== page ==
According to Buddha, the basic cause of suffering is “the attachment to the desire to have (craving) and the desire not to have (aversion).”
Every morning I watch and listen to a youtube video provided by a professional trader. I call him my mentor even though I have had very limited contact with him; mostly via twitter. His name is Morad and he goes by the handle “@futurestrader71.”
We are unable to let go of what has happened and to look at it for what it is.
You have to look at each day in its own discrete outcome.
Each day has a 50:50 chance of winning regardless of your historical expectancy.
Each new day is unknowable as we approach it.
Recognize that each new contact you have with the market is unique.
I am not defined by the next trade, a series of today’s trades, this week, month, etc.
Just trade your plan and stick to your risk rules.
This requires an incredible amount of self awareness and self discipline.
We spend a lot of time avoiding loss because we want every trade to be a winner.
We attach ourselves to the outcome of a trade.
Instead, we must look for a measured loss that is balanced with a profit target for every trade, and our job is to take every trade.
Focus on deliberate, repetitive consistency.
Is your execution in line with your plan?
What is your expectancy, as measured in ticks and not dollars?
If I were to walk by your desk right now and ask, “What are you working on this week, or today?” – You must be able to answer without hesitation.
This post sat in draft form while I worked on transitioning to profitable trading by way of focusing on my process. I have been successful.
I’ve worn my new watch for a whopping total of two runs since I received it the other day and I found an interesting item under the menu of the computer that I am now wearing, a race predictor. Here’s the photo of what I am currently calling my “inherent ability”:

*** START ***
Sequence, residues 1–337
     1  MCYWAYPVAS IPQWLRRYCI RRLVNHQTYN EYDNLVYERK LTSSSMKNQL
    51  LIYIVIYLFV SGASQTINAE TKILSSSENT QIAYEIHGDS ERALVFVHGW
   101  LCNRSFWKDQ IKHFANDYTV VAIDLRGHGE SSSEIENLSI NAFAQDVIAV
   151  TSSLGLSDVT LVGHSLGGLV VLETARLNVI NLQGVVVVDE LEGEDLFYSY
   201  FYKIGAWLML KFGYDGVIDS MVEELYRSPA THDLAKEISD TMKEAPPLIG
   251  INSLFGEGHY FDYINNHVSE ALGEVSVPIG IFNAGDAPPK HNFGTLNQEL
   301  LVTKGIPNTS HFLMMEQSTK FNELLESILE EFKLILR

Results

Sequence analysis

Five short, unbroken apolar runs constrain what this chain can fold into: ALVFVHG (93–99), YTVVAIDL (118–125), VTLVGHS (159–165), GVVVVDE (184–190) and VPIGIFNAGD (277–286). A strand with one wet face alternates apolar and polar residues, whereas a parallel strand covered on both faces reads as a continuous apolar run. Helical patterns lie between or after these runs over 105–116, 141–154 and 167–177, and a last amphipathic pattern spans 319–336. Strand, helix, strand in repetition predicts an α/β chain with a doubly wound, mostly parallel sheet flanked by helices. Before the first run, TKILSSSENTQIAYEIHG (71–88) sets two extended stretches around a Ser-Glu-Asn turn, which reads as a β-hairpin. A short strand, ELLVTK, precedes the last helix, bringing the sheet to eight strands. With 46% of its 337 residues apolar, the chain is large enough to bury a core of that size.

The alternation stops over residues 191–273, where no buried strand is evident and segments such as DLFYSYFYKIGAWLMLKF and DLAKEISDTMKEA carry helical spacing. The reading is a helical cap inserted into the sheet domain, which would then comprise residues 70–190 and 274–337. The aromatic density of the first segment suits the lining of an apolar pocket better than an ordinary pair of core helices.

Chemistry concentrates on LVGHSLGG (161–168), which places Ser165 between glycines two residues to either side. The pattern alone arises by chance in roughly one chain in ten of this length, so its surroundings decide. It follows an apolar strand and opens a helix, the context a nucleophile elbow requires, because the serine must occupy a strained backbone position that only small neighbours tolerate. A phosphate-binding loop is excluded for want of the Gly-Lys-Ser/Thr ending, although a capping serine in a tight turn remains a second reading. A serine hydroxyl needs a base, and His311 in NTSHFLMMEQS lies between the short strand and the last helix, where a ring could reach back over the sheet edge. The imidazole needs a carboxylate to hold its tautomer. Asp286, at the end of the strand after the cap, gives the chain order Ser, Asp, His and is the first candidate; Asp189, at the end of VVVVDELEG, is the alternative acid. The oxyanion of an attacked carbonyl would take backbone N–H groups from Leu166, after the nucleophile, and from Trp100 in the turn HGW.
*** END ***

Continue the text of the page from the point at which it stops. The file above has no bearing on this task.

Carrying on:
I have a little more than a year to improve on those numbers with some concentrated and specific marathon training in my attempt to turn back the clock 15 years.
The fascinating thing to me about those numbers is that they were derived from my pace, heart rate, and running cadence, all of which the watch constantly measures. In the past I used to have to run time trials or races, competing with all the anxiety that those things bring with them (like a person who has test-taking anxiety). Then, after those time trials, I would come back to my computer and plug my numbers into a spreadsheet to come up with a predicted time at each distance. But I had to put in the work to justify running at those predicted paces.
I am under no illusion that I could run a 21-minute 5k right now. In fact I have a 5k race coming up next weekend (my first time trial) that I am not really ready for, and if anyone asks me what my expected time is I am going to say something like, “I hope to be done with this race before my lungs know what hit them.”
However, I do have a pretty good aerobic base built up over the past year since I finally conquered my chronic achilles tendonitis, so we shall see what we shall see. I have no anxiety about the race, but nonetheless I do want the best time I can achieve.
An old man sits on his favorite bar stool at his favorite outdoor bar. He calls it his watering hole. It is the same every time he goes, just frequently enough that the servers all know what he drinks. He walks into the bar and the server says, “drink order,” as she plugs the order into the computer. The bar is filled with locals, and though there is banter among the usual customers, this usual customer is usually left alone to stare off into the distance as he enjoys his beer.